U.S. and British forces have carried out at least six airstrikes on Yemen’s Hodeidah International Airport and four strikes on Kamaran Island near the port of Salif off the Red Sea, Al-Masirah TV, the main television news outlet run by Yemen’s Houthi movement, said on Monday.

The strikes on Kamaran mark the first time U.S.-led coalition forces have targeted the island since airstrikes on Houthi targets began in early February.

They follow the Iran-backed Houthis’ first successful armed maritime drone strike and other missile assaults that damaged the Tutor and Verbena cargo ships last week. Both of the vessels are abandoned and adrift – with Tutor at risk of sinking, military and security experts said.

The Houthis, who control Yemen’s capital and most populous areas, have attacked international shipping in the Red Sea since November in solidarity with Palestinians in Gaza. In that time, they have sunk one ship, seized another vessel and killed three sailors in separate attacks.

Yemen’s internationally-recognised government believes Houthi fighters in the past have used Kamaran Island and Port Salif as a site to launch their Red Sea attacks as well as hide stockpiles of missiles and drones in its salt mines, two military sources within the government told Reuters.

The 10-kilometers of water that stretch from the port of Salif to Kamaran Island are also part of the route that ships must transit through to reach their next port of call.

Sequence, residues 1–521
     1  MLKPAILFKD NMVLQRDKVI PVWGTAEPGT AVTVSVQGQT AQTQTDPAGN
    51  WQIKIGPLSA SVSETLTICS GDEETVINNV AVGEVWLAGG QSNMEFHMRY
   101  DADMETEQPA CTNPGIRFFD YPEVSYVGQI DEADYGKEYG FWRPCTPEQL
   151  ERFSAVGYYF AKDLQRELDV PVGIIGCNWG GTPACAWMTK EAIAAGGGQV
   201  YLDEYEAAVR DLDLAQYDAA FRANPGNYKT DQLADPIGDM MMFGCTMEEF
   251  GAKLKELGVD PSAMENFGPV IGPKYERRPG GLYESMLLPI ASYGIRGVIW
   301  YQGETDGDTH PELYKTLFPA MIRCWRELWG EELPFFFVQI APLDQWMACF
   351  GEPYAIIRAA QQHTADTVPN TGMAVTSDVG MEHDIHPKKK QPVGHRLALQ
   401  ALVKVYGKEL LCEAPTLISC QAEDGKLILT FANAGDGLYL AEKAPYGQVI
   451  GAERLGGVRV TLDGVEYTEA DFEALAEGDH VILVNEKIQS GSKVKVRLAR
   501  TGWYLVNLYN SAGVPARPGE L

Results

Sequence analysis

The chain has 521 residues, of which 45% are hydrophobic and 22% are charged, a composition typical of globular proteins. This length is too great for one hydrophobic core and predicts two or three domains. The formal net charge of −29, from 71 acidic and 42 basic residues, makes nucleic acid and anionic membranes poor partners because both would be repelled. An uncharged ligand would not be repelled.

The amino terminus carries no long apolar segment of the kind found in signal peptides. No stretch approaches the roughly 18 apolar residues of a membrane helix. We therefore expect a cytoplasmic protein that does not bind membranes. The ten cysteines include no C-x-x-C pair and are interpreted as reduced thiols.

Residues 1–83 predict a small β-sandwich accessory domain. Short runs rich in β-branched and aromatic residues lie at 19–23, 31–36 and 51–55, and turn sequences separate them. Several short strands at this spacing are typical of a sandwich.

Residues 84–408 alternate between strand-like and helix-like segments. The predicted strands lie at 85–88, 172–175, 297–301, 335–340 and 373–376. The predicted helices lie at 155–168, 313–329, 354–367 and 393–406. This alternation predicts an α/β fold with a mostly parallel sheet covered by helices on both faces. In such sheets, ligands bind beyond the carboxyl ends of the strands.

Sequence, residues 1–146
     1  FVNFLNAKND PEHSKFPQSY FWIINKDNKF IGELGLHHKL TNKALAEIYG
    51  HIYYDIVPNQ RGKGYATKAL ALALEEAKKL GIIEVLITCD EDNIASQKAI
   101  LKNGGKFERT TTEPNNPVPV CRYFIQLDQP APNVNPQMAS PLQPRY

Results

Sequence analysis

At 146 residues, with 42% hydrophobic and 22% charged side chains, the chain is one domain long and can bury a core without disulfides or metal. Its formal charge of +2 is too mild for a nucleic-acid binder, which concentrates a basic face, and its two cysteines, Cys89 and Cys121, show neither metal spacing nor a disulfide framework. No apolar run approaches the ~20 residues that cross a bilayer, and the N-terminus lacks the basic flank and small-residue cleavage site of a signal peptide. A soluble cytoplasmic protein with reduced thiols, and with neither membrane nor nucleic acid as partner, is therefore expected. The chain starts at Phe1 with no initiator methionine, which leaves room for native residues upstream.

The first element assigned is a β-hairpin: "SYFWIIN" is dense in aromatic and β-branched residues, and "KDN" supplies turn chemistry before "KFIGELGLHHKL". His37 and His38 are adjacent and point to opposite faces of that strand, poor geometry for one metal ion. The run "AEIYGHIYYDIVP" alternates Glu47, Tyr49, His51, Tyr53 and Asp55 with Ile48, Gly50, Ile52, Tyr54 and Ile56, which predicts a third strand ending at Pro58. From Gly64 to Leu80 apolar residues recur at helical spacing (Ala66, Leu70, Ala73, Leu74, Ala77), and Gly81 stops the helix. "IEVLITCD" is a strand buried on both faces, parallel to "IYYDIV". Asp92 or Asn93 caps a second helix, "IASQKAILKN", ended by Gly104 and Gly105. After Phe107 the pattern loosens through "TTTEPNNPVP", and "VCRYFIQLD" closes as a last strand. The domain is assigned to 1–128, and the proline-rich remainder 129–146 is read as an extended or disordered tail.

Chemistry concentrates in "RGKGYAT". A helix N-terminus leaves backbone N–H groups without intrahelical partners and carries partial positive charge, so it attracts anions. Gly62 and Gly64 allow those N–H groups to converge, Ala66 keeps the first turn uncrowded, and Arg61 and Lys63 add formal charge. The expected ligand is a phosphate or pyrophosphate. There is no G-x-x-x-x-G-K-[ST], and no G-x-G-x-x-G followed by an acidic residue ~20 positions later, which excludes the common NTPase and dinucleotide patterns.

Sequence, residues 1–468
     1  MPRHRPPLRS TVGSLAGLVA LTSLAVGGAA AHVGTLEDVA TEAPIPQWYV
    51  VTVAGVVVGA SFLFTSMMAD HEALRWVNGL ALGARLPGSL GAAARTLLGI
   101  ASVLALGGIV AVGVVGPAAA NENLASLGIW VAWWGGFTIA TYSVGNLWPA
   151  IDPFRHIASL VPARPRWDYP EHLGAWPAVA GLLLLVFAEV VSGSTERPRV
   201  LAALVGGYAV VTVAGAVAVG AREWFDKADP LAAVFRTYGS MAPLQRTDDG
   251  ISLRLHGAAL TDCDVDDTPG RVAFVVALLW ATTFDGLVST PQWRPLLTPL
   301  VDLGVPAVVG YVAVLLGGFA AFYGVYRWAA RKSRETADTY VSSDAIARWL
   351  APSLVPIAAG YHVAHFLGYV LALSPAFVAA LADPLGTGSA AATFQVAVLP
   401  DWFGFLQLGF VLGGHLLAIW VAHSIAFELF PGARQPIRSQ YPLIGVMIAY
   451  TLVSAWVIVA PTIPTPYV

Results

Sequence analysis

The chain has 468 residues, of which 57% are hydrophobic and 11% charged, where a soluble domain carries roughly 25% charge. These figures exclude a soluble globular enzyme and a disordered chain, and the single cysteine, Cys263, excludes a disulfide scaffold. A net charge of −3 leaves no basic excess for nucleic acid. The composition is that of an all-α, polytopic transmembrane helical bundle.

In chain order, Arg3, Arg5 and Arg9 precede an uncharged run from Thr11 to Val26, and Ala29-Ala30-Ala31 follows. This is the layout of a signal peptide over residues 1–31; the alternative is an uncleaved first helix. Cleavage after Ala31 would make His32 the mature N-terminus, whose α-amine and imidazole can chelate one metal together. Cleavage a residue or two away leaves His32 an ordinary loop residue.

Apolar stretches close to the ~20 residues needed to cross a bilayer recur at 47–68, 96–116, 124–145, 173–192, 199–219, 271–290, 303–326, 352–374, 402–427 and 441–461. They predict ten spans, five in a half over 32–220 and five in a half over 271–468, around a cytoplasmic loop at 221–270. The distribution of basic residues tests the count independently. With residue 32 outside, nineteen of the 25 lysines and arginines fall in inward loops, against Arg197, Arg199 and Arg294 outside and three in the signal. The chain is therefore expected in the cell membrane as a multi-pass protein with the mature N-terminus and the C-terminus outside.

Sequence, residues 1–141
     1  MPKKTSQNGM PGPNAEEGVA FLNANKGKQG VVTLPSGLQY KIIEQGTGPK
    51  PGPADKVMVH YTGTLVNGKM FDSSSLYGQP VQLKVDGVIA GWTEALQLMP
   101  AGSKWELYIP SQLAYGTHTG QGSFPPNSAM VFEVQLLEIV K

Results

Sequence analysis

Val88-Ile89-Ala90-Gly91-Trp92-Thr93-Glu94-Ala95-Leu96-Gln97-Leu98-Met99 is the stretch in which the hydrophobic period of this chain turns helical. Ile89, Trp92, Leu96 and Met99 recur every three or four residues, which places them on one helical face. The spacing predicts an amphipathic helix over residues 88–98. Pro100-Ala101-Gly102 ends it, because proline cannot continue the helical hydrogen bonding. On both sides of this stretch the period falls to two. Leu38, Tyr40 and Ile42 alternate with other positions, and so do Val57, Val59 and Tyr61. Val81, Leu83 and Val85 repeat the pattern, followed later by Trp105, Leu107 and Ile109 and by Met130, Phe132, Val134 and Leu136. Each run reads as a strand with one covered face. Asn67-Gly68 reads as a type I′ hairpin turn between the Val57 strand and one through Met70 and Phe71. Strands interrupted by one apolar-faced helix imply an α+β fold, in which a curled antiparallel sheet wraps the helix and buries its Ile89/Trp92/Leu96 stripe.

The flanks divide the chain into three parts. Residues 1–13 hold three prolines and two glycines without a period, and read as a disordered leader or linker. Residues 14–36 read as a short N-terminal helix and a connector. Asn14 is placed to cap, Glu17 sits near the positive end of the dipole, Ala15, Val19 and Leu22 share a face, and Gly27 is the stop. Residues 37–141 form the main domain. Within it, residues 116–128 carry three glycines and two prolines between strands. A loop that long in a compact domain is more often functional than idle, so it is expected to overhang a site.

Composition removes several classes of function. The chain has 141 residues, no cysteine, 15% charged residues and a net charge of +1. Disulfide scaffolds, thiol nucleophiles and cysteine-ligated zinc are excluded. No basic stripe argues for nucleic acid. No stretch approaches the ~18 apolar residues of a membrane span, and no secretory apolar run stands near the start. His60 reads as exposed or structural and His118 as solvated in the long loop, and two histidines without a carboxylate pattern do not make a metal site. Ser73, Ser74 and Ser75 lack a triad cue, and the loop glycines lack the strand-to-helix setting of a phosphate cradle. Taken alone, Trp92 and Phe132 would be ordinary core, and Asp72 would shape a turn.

Military and security officials said the Liberian-flagged Tutor has been taking on water since the Houthis hit it with an armed boat drone and air missiles on Wednesday in the Red Sea. That attack damaged the Tutor’s engine room and caused severe flooding.

Rescuers from the U.S. Dwight D. Eisenhower Carrier Strike Group aircraft carrier have airlifted the Tutor’s crew to safety. One sailor remains missing.

U.S. Central Command separately said crewmembers from the Palau-flagged Verbena issued a distress call this weekend due to uncontrolled fires sparked by two Houthi missile strikes in the Gulf of Aden on Thursday.

The Cayman Islands-flagged Anna-Meta wheat carrier rescued Verbena’s crew and is transporting them to safety, CENTCOM said.

Despite reprisals from the U.S.-British coalition and other navies, the Houthis have escalated their campaign against commercial vessels in one of the world’s busiest shipping lanes.

Their missile and drone attacks have forced ship owners to reroute vessels away from the vital Suez Canal shortcut – sending costs and delays cascading through the vital ocean shipping industry that transports about 80% of international trade.